For many, the mythology of Route 66 is larger than life, but those that have actually traversed the Mother Road know that some of it really is. Large, I mean. Nowadays, we like our excesses as small as possible, like our cell phones or smart cars, but when Route 66 was an active American highway, we commemorated its grand scope and vision with things just as grand in size. Even in the relatively short stretch between San Bernadino, California and Holbrook, Arizona, my girlfriend and I beheld plenty of pompous pavement props, now chronicled here! I've decided to categorize them as either "the wonders of the world" or "the marvels of man," as these enormous attractions must've been built with the intention of celebrating something significant . . . right?
The Wonders of the World
One of the first "giant alerts" my girlfriend and I encountered was Bono's Historic Orange Stand, which, contrary to popular belief, does not belong to U2's lead singer but instead the late Bono family, who owned and operated an Italian restaurant next door. Other "giant orange" stands were opened by Frank E. Pohl in the '20s and '30s and celebrated the region's rich bounty, but this is one of the few that remain standing, complete with Route 66, ahem, appeal. Yeah, sorry about that.
The next few images depict the virtual zoo of enormous animals that inhabit the Route 66 roadside, from the Polly Gas parrot outside of Barstow, to the sadly squashed roadrunner of the Roadrunner's Retreat and Restaurant near Amboy.
Of course, my favorite of these quiche creatures is the jackrabbit outside of the aptly named Jack Rabbit Trading Post in Joseph City, Arizona. Billboards boast the bodacious bunny for miles, inviting spectators to ride the rabbit, so I couldn't resist. Surely if you've been looking to fulfill your giant jackrabbit needs, the sign outside of the trading post tells you where such satisfaction awaits: "Here it is!"
What better way to bookend Route 66's world wonders than with another plant, though unlike Bono's faux fruit, this one is real -- oh, at least it was. The world's largest petrified tree is also in Joseph City, though I don't think you can ride it.
The Marvels of Man
This batch of towering tourist traps truly celebrates humanity's rich history along Route 66, starting with the Madonna of the Trail and Ye Bridle Path in Upland. The former honors the colonial women damned to hear the cries of their children while exploring the Old West, the latter the upward climb to the region's neighboring mountains.
In the context of Old West exploration, this magic lamp might seem out of place, but hear me out on this one. What better way to epitomize how those old explorers' wishes of Manifest Destiny were coming true than building a restaurant/bar with a genie's home out front? You're welcome, Magic Lamp Inn.
The rest of the attractions we encountered were definitively Old West, celebrating the stereotypical culture of cowboys and Indians. For instance, behold this totem pole outside of the Grand Canyon Caverns in Peach Springs, Arizona -- and more importantly consider the bold political statement my gorgeous girlfriend is making. Indeed, to the untrained, even cynical eye, one might assume she is desecrating the spirit of the totem by simulating a pole dance, but the socially analytical mind would realize she is merely physically commenting on how contemporary accounts of history have unnecessarily sexualized Native American culture through such sultry depictions like Dances With Wolves or even Disney's Pocahontas. Yes. She is just that brilliant.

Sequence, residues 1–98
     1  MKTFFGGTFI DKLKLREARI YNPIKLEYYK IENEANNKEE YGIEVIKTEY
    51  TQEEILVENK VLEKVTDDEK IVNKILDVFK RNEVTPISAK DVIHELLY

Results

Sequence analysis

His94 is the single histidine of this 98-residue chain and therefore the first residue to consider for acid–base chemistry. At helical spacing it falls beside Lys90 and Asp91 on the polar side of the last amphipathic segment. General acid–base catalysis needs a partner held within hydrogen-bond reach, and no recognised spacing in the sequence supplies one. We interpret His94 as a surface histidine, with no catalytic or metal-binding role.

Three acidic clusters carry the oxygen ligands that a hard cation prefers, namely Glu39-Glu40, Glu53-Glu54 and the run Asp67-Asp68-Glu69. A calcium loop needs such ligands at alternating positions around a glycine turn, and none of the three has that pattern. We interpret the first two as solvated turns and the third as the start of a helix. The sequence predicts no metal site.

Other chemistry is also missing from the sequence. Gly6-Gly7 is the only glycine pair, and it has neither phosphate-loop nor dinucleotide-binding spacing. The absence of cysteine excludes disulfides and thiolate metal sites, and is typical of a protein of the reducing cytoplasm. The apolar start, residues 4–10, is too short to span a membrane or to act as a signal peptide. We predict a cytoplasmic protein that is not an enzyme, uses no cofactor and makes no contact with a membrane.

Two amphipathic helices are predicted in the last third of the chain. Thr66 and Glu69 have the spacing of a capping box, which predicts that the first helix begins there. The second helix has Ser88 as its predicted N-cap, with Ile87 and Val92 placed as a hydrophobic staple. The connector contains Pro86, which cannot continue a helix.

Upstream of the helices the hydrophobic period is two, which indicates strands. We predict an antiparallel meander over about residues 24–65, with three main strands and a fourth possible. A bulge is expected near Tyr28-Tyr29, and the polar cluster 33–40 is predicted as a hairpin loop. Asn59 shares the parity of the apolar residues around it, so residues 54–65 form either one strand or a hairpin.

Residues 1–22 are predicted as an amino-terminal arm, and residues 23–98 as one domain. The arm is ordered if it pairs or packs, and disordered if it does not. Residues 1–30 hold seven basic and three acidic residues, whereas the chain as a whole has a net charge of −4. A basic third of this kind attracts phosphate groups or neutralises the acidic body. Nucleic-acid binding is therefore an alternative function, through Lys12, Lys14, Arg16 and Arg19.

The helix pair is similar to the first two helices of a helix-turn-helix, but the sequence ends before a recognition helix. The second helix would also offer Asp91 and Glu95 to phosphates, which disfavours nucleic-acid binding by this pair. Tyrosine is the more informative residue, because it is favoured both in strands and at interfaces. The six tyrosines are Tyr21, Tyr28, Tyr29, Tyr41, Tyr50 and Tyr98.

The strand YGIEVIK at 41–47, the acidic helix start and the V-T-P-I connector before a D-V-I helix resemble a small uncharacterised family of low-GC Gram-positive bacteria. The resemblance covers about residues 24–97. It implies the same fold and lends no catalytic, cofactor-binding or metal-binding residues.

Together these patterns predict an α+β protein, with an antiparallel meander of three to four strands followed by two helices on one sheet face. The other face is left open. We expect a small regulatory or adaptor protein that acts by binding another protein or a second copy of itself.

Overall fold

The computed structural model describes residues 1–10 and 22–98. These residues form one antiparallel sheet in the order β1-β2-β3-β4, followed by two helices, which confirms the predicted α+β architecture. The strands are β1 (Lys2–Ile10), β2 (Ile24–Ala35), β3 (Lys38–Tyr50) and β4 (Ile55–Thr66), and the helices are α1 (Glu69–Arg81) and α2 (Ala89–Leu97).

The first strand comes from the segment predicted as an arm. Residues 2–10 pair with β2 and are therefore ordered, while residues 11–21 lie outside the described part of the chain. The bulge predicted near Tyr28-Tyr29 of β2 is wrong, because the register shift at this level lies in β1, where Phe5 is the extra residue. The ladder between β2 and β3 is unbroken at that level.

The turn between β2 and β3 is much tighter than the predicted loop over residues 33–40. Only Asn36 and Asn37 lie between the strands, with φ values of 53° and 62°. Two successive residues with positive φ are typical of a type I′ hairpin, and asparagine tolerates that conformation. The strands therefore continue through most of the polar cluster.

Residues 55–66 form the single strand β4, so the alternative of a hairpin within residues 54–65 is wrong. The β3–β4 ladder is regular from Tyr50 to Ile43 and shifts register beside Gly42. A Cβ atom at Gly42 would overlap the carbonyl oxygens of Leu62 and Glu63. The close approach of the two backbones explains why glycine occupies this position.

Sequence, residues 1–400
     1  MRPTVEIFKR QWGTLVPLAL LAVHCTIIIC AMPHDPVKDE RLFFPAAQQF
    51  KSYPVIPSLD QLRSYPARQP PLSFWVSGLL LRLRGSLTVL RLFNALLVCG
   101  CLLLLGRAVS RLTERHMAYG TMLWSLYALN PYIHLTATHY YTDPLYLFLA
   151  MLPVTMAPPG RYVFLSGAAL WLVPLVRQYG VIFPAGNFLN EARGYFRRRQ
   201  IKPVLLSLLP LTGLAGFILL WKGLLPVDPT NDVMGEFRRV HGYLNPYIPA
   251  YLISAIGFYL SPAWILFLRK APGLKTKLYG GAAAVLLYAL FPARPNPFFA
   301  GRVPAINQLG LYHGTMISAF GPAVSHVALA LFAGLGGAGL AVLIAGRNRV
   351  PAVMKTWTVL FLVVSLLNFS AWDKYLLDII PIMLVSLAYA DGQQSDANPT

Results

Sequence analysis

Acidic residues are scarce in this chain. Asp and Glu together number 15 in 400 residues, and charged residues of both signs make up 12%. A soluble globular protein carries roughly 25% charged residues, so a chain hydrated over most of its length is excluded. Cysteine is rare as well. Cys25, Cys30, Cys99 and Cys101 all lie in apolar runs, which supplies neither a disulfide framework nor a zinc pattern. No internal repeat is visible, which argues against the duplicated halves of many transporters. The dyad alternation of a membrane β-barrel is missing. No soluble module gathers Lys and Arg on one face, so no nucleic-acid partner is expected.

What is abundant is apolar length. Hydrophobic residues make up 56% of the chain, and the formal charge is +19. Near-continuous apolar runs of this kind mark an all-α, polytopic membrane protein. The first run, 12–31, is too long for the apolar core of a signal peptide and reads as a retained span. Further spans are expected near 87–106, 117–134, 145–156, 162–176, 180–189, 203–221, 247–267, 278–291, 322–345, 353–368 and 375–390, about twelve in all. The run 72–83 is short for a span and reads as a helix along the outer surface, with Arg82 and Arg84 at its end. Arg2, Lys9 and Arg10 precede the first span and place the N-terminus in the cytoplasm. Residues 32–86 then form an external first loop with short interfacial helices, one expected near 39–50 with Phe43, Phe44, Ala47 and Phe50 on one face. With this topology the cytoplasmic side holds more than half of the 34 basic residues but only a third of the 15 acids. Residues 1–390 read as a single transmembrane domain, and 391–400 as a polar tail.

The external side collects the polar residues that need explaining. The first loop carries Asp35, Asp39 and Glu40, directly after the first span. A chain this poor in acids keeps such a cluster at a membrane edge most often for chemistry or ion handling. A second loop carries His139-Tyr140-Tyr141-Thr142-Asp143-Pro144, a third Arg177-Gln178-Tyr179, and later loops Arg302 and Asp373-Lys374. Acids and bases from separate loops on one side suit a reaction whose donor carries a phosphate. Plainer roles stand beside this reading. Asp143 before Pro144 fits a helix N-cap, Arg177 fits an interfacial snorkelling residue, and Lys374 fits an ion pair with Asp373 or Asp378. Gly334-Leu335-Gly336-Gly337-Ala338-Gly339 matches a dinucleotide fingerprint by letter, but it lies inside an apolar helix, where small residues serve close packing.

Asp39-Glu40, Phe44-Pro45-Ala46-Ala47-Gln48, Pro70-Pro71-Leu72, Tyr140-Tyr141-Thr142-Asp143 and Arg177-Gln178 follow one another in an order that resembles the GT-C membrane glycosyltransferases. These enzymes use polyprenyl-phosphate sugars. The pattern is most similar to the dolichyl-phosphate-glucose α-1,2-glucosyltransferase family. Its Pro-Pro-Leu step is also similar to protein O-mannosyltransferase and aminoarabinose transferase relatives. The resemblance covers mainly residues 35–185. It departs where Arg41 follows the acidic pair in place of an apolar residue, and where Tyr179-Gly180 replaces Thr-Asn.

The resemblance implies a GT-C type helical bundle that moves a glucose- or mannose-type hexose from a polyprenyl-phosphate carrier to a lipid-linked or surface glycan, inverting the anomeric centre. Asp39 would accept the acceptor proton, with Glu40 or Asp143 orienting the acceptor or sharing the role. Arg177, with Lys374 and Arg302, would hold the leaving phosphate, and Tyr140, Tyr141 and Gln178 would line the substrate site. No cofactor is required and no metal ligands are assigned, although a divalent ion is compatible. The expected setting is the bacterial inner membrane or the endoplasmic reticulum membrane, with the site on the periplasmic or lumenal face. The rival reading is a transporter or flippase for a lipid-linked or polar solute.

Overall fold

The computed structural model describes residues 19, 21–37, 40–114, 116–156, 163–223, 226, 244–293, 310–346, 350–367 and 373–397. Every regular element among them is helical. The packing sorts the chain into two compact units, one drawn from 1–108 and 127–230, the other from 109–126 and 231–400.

Two of my favorite stops on our trip were Two Guns and Twin Arrows in Arizona. The Two Guns site is little more than the remnants of an old theme park (and debris-ridden, so beware, drivers!), and the Twin Arrows, thankfully recently renovated, mark the spot of an old trading post/cafe, but considering their close proximity to one another, my inner child can't help but think that the two represent the timeless conflicts of the Old West. Perhaps, back in the day, giant cowboys and giant Indians fought in this desert stretch, with these the only signs of that lofty legendary battle. Maybe that's why they call it "high" noon -- because these old icons were just that tall . . . or you'd have to be high to think of such a thing.
Finally, the best way to end this journal of our gigantic journey is here, at the Wigwam Motel in Holbrook, Arizona. These wigwams are truly larger than life, and for a price as reasonable as any other roadside motel, you can sleep in one! In a way, residing in a wigwam if only for one night helps the weary traveller feel as big as the other giants along Route 66, becoming in some small way a part of the grand mythology that consumes America's Mother Road. I was certainly grateful for our stay in that strange round room, which reminded me that no matter how far we've come from Route 66's rich history, no matter how our tastes have seemingly shrunk over the years, some things eventually come full circle. High hopes for humanity, indeed . . .